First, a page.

Happy 80th Birthday, Driving Test
The stress of taking the driving test will rarely be a fond memory in anyone's life – until the bit where you find out you passed, anyway. But this week marks the 80th anniversary of the first official driving test – so it's as good a time as any to celebrate the most nerve-wracking and/or triumphant drive of our lives!
Driving licenses were introduced in the UK in 1903, but there was no real barrier to having one. They were just meant to identify vehicles and their owners, and you could literally just buy one at the Post Office for 25p. The driving test was introduced on a voluntary basis in 1934 and became mandatory in 1935 – so raise your glasses (if you're not driving anywhere today) to 80 years of mandatory testing!
Take a look at this video from the Ford Heritage collection at the National Motor Museum to see just how much the driving test, official government guidance, and casual hat-wearing has changed since 1935, featuring such essential driving advice as "don't flick your cigarette ash outside, it's very misleading."
Yes, you have to do a lot less compulsory hand-gesturing these days, but plenty of the basics have actually remained the same. Sight tests, lane discipline, hill starts, smooth turns, emergency stops, manoeuvres, keeping your eyes open– it's all still there, just as it was in the first tests.
The theory test was introduced in 1996, and the hazard perception bit was added in 2002. The whole thing costs a bit more than 25p, too –now it's £25 for a theory test and £62 for the practical test.
Driving Test Secrets: Revealed
In honour of the test's anniversary, we did a little bit of research to find out a bit more about it. There are over 35 million vehicles licensed for use on the road in Great Britain, and about 1.6 million people take a test each year. That's a lot of tests!
About 47% of people pass first time, going up to 52% for men and down to 42% for women. The average age for a British man to pass their driving test is at 22 years and eight months, after 20.6 hours of lessons, and 1.8 attempts. However, the average age for a British woman is six months older at 23 years and four months, after 33.1 hours of lessons, and 2.1 attempts.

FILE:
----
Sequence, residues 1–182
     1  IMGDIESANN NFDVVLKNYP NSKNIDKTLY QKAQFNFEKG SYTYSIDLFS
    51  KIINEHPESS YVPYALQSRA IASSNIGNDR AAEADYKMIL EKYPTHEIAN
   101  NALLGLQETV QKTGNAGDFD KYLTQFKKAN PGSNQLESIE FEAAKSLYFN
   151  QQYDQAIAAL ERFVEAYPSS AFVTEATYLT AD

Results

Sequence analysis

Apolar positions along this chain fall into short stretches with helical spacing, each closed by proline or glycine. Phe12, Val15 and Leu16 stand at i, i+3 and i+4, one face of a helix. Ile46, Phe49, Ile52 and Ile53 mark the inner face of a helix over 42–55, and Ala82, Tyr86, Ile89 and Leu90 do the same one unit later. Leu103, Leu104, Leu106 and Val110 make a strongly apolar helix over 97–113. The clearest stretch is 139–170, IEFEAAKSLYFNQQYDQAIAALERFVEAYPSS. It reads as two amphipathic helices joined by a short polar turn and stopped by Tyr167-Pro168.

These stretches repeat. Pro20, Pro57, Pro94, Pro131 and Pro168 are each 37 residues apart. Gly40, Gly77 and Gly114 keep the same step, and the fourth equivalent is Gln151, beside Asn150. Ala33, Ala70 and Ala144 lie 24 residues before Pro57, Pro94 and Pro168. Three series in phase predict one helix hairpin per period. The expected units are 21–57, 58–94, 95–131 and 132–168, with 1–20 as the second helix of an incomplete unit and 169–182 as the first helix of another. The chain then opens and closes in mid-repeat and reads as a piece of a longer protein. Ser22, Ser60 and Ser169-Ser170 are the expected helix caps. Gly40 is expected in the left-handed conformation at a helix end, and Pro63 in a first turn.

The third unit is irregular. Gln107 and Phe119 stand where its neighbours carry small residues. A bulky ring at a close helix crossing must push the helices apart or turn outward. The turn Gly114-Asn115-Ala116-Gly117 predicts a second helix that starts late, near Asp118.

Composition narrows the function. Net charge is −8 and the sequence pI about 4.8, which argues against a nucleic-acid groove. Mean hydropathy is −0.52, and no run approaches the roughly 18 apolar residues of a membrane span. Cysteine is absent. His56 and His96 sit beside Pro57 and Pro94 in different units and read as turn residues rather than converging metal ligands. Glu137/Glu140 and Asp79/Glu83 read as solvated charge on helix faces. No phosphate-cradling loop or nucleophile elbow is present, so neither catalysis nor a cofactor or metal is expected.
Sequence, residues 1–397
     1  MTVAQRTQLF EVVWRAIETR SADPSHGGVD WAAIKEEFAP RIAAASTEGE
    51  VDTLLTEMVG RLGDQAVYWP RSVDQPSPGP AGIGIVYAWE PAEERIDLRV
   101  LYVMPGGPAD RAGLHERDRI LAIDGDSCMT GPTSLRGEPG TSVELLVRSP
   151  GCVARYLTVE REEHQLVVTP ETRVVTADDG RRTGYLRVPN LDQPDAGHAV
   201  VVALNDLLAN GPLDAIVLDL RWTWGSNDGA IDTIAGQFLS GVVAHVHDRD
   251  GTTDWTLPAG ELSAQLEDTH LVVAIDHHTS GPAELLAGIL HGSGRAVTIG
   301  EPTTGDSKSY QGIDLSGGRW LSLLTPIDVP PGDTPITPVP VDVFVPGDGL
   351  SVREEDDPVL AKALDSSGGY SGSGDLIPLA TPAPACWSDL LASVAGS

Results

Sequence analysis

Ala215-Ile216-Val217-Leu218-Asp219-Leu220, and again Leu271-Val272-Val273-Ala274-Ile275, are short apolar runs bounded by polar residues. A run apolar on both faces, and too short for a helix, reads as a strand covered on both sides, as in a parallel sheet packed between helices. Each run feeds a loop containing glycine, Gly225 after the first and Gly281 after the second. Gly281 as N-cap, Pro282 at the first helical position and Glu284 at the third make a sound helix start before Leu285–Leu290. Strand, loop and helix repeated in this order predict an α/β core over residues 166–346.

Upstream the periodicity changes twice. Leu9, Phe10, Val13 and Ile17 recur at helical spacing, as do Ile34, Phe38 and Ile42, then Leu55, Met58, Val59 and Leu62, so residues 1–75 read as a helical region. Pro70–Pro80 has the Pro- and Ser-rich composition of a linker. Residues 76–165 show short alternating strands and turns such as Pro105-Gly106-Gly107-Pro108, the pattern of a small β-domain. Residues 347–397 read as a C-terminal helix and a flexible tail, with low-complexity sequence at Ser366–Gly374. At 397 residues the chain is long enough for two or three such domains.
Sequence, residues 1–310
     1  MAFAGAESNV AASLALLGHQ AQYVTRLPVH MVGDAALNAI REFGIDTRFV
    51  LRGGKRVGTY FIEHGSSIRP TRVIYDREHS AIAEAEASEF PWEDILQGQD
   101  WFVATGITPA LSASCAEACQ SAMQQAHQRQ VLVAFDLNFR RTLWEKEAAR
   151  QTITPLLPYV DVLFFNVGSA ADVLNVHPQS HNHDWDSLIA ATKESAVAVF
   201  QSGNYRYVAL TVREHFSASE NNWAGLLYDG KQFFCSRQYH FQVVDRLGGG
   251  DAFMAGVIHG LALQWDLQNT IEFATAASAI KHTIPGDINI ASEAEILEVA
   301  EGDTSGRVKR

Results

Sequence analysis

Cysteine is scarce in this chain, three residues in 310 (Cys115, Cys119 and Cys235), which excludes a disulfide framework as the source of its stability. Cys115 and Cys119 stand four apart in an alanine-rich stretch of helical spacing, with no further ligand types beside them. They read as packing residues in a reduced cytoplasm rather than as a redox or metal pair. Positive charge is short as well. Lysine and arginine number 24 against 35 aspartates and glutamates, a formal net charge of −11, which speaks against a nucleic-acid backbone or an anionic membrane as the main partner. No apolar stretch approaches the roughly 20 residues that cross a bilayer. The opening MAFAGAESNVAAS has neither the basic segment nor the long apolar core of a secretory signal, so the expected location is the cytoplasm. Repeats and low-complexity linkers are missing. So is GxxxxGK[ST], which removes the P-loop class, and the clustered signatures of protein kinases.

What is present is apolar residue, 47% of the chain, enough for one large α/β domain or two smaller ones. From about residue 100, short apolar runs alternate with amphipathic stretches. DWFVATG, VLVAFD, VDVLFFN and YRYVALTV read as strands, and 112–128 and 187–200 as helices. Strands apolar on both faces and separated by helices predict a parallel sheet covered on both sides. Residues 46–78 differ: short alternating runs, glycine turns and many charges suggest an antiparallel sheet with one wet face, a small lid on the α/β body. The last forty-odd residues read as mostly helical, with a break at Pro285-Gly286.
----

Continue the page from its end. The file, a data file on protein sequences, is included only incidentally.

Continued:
Don't let those stats fuel any 90s-style stand-up comedy routines about women being worse drivers, though – when women do fail, it's most likely to be down to messing up a reverse park, something that you'd just avoid if you can't actually do. But when men fail, it's because they've been driving a bit more recklessly and not paying attention at junctions, which is probably a little bit more essential than parking. So it's not all that fair to deem either gender a worse driver, really. And everyone, regardless of gender, fears the truest of driving evils: the reverse parallel park - one in three people list this as the manoeuvre they most fear coming up on their driving test.
Not everyone passes young, either – one in forty British drivers don't pass their test until they reach their 50s, and one in twenty take five or more attempts to pass. So if you've put it off forever or failed a few too many times, just remember: you're not alone. And once you've passed, it doesn't really matter how long it took.
Still, no one drives like they did in their test forever, and one in four people reckon they would fail if they had to take the test again.
Buying That First Car
On average, it takes drivers one year and five months to buy their first car after passing their test. Of course, some people already have a car lined up before they even take the test, and some pass but then put off actually getting out on the road for a few years.
The most popular first cars have obviously changed a lot over the years but, regardless of age, the Mini has always remained a solid choice for a first time car buyer, earning the spot of the most popular first car in our survey.
The ever-reliable Ford Fiesta and Ford Escort come in second and third, with the top five rounded out by the Ford Cortina and Austin Metro – a rare sight on the road these days, but great choices in their day!
The future – here's to 80 more years?
As driving changes, the future of the driving test isn't completely certain. Over half the people we asked (54% of you) think that self-driving cars will one day rule the roads completely, and three out of ten of you would buy one now if you could! But there's a good chance the test isn't going anywhere for a while.
Plenty of people think there's more that could be done to reflect modern driving: – six out of ten people in our survey thought that basic maintenance, like changing a wheel or checking the oil, should be included in the test, three-quarters thought that motorways and night-driving should be added, half thought the test should cover country lanes, and a third suggested a sat-nav element. So happy birthday, driving test. You're harder than learning to ride a bike, but you're easier than the one London cab drivers have to take. Here's to you!